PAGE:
Nick Speed has worked with hip-hop heavyweights such as 50 Cent, Big Sean, Danny Brown, Quavo, and Elzhi. But his latest release, Coney Island, sees him collaborating with Ro Spit, an old friend and Pontiac native.
“I’ve been working with Ro since I first started making music, so it was easy to collaborate with him for Coney Island,” Speed tells Metro Times. “I wanted to showcase who he is as a human with my production.”
The album tells a story of two guys driving from Pontiac to Detroit for a party, while simultaneously taking listeners through a Detroit-styled adventure as the duo stops at a Coney Island. Both take a Havok and Wolverine Meltdown approach via storytelling through beats and rhymes.
“It's nothing like going to your neighborhood coney/ Don’t get caught slipping, everybody there ain’t ya homie/ Got the bums and the crackheads begging for your money/ They’ll smile in your face but I swear that shit ain’t funny,” Ro spits on “Eddie V’s Freestyle.”
Some of the biggest surprises are “Where Da Hoes,” which sounds like a ’90s ghettotech anthem, and “846,” a well-executed after-hours house music ballad. Speed (self-admittingly) has never been known as a house music producer, so the splendid balancing of basslines and tempo under Ro Spit’s vocals make “846” perhaps the most standout (and surprising) song on the album.
“We’re both DJs, so I also wanted the music selection to reflect his DJ sets at his ‘Secret Garden’ parties,” Speed says. “When Ro asked me for beats, I remembered the many music conversations we have had and I incorporated everything from hardcore underground grimey hip-hop to house music and ghettotech to reflect what you would hear going out on any given night in Detroit.”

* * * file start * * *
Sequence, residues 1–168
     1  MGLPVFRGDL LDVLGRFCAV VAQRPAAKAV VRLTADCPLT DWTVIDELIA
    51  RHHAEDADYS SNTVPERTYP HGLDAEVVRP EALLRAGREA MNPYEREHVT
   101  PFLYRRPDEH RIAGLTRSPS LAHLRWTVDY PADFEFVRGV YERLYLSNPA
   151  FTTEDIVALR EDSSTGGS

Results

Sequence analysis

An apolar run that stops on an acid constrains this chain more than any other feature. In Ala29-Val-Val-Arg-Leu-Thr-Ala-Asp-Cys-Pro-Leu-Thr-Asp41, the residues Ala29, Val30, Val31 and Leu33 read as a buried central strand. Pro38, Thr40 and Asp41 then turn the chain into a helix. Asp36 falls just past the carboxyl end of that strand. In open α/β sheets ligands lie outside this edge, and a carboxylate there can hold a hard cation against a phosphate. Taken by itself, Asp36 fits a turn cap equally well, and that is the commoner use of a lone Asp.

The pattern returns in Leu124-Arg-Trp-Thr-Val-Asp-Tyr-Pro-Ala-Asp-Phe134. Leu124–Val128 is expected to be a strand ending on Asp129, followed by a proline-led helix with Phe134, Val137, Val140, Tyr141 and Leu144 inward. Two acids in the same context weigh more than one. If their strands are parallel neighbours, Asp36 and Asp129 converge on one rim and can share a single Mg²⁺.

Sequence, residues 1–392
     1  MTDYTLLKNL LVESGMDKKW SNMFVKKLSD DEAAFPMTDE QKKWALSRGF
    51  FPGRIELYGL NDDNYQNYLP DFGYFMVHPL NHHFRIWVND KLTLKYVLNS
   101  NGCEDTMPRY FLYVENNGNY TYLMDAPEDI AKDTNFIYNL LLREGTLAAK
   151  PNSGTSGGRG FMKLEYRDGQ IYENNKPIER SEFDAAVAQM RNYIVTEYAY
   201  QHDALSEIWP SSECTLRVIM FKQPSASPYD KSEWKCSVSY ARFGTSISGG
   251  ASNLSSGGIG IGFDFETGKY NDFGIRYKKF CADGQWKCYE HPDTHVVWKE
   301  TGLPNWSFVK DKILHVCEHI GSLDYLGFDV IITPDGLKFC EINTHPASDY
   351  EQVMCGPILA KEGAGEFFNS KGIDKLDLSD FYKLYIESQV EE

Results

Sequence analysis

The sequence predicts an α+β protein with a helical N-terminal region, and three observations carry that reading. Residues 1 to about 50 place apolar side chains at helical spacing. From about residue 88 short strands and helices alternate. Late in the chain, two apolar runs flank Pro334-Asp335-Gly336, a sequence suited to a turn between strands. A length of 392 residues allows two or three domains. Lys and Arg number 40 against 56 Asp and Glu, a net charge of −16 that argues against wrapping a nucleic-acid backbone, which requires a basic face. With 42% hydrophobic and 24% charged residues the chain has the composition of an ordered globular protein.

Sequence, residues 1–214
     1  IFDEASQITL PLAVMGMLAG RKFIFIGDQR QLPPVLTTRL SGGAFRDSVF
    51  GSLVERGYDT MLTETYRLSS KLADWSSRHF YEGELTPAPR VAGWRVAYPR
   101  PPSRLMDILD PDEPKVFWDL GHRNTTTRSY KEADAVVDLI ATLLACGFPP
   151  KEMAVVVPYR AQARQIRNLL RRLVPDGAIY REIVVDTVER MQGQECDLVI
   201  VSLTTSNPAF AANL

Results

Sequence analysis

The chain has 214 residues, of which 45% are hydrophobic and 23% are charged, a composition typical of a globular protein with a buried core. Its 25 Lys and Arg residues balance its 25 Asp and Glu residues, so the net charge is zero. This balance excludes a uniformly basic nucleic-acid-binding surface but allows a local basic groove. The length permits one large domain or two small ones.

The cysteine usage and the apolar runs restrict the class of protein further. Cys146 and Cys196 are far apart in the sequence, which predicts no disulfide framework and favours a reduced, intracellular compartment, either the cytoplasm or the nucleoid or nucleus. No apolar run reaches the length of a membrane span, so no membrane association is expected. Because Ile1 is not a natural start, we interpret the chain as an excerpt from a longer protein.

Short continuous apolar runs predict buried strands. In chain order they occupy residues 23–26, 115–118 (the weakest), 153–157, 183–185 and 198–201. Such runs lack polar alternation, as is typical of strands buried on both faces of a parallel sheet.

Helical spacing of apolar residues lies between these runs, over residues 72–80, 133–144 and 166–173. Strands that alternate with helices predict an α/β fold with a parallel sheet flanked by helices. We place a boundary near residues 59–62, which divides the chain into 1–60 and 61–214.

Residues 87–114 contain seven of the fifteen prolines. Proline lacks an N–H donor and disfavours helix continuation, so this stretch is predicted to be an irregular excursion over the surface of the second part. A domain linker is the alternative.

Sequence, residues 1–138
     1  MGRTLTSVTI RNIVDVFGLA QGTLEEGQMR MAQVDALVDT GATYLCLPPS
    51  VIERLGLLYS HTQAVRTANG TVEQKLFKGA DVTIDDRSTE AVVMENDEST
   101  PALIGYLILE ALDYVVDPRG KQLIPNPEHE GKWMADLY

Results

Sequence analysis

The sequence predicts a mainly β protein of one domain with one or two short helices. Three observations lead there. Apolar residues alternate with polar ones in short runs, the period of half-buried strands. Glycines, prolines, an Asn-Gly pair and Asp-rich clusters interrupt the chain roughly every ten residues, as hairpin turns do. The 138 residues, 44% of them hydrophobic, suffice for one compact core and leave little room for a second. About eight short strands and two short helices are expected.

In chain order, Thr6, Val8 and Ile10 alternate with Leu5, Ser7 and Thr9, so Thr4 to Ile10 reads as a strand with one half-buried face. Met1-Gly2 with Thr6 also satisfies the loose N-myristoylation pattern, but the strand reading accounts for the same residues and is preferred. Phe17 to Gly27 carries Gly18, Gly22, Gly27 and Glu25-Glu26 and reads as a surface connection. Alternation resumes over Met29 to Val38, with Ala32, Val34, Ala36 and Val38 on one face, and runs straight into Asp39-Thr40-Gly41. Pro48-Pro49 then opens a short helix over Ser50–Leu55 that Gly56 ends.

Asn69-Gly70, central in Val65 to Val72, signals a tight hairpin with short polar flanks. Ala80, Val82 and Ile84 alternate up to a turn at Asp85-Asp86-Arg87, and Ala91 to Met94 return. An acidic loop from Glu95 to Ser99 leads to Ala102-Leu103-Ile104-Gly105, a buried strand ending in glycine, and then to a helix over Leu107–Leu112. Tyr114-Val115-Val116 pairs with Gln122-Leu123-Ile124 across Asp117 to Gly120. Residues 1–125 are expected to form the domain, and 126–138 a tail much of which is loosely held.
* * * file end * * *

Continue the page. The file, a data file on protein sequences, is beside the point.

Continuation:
“Allstar Game” (featuring Jam Bino) uses a staccato-ish xylophone over a less-is-more type drum pattern to create the perfect head-nodding song. “Oc & Ill” (featuring Calmese) is a groovy cut meant for cruising East Jefferson on a Sunday night. Meanwhile, Ro Spit digs into his lyrical goodie bag on “Still Lit” (featuring Boldy James): “Bitch Please don’t compare me to so and so/ I get defensive like a Mayweather shoulder roll,” he raps.
The best thing about Coney Island is that it’s an ode to Detroit album without telling you over and over again, “This is an ode to Detroit album.” Listeners that are from Detroit will vibe and celebrate in a different way after hearing this than those that aren't. Coney Island (the restaurant itself) is used physically but metaphorically as a melting pot that can connect hundreds of kinds of Detroit experiences. Although this is more of a concept album, each song stands on its own very effectively.
“You will hear our slang, our thought process, our music selection, how we party, what we believe in, how we grew up, our favorite meals from Coney Island restaurants, real-life situations of a Detroiter, anger, love, joy, and pain,” Speed says. “We wanted to show you every neighborhood in the city. That’s why we shout out almost every neighborhood Coney Island restaurant east side to west side.”
Coney Island gets a record release party from 9 p.m.-midnight on Thursday, April 21 at Spot Lite, 2905 Beaufait St., Detroit; spotlitedetroit.com. Limited-edition vinyl records will be available for purchase, and Nick Speed, Ro Spit, and Sheefy McFly will perform DJ sets. 21 and older only.